Localization Bugs: Clipped text, #1


About as common as duplicate hotkeys are dialogs with clipped text. And just as with duplicate hotkeys, there are a couple of different ways these can happen. I’ll show a few examples, starting with the most trivial case.

One note before I start: I will talk about clipped text, not truncated text. For the purpose of these posts, “clipped text” means that the entire string survived until it was drawn on the screen, but there wasn’t room to draw the full string and so not everything is visible to the user. “Truncated text” on the other hand means that the string was cut off by code somewhere after it was loaded from the localizable binaries but before it was drawn on screen. From the user’s point of view these can appear to be the same thing, and we might even use the same fix [shorten the string]. Most of the time though both the cause and fix differ.

Let’s start.

The absolutely simplest example of clipped text is where I can already see the text as clipped in my favourite localization tool. It can look something like this:

or like this:

Both of these are trivial. There’s nothing really interesting going on here; the strings simply do not fit within their controls. What’s good about these cases is that they’re easy to detect. Anyone can see that the first one is clipped, since you can see half of the lower row. The second one might be trickier though since you don’t have a visual clue that the text is clipped, but a native speaker would spot it quickly and even a non-native could notice that the string doesn’t end with a colon. That’s a good clue. Also, both of these are easy to detect automatically, either at localization time or at runtime.

How do I fix them? Either resize the controls, or shorten the string. The first one above, I’d resize. Just make the label a few pixels taller. The second, I’d change the translation from “Contact name:” to just “Name:”. I’d also change the second string from “Phone number:” to just “Number:”. I could size the dialog to fit the text, but it’d look strange and the words “Contact” and “Phone” don’t really add anything useful to the text. The context makes it clear what kind of name and what kind of number you should enter.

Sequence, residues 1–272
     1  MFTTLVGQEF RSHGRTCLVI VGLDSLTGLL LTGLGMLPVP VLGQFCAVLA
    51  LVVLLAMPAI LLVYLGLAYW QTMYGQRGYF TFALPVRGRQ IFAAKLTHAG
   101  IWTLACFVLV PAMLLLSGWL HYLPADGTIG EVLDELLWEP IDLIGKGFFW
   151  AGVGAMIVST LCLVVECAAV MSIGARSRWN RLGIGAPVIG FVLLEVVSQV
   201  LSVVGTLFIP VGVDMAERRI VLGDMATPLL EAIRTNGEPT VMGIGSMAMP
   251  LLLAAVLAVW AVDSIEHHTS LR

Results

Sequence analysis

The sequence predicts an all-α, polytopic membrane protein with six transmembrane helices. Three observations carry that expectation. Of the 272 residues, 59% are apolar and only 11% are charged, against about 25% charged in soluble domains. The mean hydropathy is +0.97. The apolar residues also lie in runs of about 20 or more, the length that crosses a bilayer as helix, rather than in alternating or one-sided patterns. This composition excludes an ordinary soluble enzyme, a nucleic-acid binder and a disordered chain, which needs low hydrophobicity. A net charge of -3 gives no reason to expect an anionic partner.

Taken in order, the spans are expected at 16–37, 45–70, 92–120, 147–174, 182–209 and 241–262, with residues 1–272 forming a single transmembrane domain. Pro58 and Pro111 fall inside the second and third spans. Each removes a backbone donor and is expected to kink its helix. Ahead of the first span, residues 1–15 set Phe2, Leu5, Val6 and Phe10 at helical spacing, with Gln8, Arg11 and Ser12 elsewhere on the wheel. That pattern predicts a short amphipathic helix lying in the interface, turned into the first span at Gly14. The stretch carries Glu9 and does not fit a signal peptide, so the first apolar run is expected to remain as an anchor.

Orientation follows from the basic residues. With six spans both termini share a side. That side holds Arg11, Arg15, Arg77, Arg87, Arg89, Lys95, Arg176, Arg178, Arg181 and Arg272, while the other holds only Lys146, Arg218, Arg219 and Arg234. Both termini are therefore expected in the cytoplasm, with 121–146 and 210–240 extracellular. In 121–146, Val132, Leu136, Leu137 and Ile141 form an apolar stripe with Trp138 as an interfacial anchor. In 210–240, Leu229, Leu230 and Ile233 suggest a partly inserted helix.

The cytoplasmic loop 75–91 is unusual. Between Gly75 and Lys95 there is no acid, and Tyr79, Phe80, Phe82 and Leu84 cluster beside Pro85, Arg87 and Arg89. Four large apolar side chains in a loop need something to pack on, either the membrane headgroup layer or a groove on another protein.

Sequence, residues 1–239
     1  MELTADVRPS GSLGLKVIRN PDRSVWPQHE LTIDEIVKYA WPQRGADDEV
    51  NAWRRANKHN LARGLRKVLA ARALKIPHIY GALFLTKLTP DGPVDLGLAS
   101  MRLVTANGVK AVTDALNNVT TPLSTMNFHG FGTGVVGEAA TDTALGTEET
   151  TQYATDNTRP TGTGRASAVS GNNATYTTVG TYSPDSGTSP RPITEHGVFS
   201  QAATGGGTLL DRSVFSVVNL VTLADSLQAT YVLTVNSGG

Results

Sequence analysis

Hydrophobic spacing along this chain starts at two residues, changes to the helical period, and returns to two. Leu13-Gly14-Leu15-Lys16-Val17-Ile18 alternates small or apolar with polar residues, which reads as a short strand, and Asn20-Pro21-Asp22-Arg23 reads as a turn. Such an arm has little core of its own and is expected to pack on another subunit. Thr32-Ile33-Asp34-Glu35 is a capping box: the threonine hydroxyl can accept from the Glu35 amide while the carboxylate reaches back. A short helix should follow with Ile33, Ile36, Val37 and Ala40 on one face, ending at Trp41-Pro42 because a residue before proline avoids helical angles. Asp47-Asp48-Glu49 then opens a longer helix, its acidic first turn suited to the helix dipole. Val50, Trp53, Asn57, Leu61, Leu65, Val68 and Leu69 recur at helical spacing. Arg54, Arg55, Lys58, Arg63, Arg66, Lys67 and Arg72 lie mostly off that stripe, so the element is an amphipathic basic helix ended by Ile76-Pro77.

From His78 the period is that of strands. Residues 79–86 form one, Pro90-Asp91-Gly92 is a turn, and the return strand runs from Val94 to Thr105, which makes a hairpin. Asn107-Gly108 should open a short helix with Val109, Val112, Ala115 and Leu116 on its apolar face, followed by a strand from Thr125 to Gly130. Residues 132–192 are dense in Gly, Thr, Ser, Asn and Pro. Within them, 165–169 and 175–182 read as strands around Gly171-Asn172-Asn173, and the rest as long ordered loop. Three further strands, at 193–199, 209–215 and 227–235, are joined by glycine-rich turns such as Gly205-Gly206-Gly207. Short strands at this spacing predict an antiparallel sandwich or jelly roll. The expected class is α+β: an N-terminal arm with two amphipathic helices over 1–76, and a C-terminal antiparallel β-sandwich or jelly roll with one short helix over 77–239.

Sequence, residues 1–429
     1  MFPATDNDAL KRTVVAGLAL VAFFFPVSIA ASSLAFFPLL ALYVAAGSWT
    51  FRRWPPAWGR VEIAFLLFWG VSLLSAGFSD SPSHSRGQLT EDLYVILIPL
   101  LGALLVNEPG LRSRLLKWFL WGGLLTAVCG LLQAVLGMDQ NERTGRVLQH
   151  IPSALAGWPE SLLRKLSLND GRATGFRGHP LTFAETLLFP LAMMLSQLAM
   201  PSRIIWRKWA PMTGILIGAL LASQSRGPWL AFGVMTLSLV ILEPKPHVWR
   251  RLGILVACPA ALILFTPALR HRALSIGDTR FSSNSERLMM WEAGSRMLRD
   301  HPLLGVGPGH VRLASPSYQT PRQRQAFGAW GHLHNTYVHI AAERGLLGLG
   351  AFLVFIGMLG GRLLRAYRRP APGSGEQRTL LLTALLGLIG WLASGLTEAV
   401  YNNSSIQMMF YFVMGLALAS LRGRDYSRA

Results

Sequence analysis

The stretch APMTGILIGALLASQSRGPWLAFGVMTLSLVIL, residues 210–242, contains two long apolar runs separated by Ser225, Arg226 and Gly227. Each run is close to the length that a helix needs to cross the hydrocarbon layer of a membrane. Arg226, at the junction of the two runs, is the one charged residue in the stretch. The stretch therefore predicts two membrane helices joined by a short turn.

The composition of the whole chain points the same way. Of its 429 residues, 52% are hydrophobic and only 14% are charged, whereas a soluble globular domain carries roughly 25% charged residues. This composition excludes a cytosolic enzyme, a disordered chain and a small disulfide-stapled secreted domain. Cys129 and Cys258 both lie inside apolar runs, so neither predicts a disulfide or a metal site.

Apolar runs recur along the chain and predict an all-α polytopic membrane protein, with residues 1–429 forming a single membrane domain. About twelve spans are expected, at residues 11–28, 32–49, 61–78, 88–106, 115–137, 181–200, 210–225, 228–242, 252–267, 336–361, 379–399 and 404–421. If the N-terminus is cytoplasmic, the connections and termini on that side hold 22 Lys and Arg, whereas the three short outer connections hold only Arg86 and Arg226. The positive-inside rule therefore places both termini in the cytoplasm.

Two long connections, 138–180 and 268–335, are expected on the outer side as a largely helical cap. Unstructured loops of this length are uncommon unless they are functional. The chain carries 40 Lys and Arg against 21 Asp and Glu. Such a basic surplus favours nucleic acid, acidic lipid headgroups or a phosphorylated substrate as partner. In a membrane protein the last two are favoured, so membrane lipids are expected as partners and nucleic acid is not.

To me, this type of bug is very similar to the first kind of hotkey bug I showed – easy to prevent, easy to detect. Therefore we rarely see this type of clipping bug any more.

Next up I’ll show something a little bit more challenging.


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Comments (5)

  1. Damien Guard says:

    Hmm…

    If you are using VisualStudio.NET you should not get this localisation issue with forms providing you are using the built-in facilities:

    1. Change the property "Localizable" for the form to "True" for the form.

    2. Set the language you wish to localise the form to

    3. Change the labels and text, resizing and adjusting controls as required for that language

    I can only assume you are instead using a single non-localised form and manually loading in the resource strings using the ResourceManager? While this is okay for dialogs, for forms it gives problems – as you can see for yourself.

    [)amien

  2. anon says:

    Instead of having the inline format

    LABEL: TEXTBOX

    Why not do this?

    LABEL:

    TEXTBOX

    each control on its on line and room on the right for expansion:

  3. Damien, we’re not using VS.net because it’s not a localization tool :)

    The typical work flow for me is is to first translate text, then turn to dialog layout. It’s more efficient to keep these as separate tasks, and it’s good to take some time between translating a string and proofreading it.

    The examples I gave here are straight Win32 (maybe I should have spelled it out), but the process for us is about the same for managed code. I translate text first, then I use winres.exe to size it. I don’t do the actual translation work inside the visual editor.

  4. Anon, yup, that could look nicer and would definitely be easier for me. I could have made this change when localizing, but I always try not to change the layout of a dialog too much.

    Most of the time we start localizing long before the English application is frozen. For instance, I started localizing XP SP2 about a year ago now and that didn’t ship until towards the end of this summer.

    This means that anything I localize today might change again tomorrow. Including sizing. So if I spend a lot of time beautifying a dialog now, that work might be totally in vain. Also, if it differs much from US, it might make it harder for me to spot that something is out of sync. This can give rather subtle bugs.

    In this case, I could of course have tracked down the developer and asked him to change the source layout to give me some more space. Sometimes that’s what I do. But in this case it seemed both easier and better to just cut the translations.